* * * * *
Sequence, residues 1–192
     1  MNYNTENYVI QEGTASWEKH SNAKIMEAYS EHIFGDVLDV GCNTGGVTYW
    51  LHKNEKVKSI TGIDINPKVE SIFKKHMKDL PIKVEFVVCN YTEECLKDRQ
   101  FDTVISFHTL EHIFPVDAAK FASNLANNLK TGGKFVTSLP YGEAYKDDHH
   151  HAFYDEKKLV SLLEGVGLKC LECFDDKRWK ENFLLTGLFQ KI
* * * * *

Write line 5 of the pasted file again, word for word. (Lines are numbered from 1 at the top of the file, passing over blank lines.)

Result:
   151  HAFYDEKKLV SLLEGVGLKC LECFDDKRWK ENFLLTGLFQ KI